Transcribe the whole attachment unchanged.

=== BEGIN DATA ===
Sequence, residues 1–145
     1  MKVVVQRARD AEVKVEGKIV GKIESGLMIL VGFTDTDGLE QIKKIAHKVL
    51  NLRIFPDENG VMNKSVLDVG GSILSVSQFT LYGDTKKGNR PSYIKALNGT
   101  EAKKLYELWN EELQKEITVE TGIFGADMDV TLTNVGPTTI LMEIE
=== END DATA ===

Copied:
Sequence, residues 1–145
     1  MKVVVQRARD AEVKVEGKIV GKIESGLMIL VGFTDTDGLE QIKKIAHKVL
    51  NLRIFPDENG VMNKSVLDVG GSILSVSQFT LYGDTKKGNR PSYIKALNGT
   101  EAKKLYELWN EELQKEITVE TGIFGADMDV TLTNVGPTTI LMEIE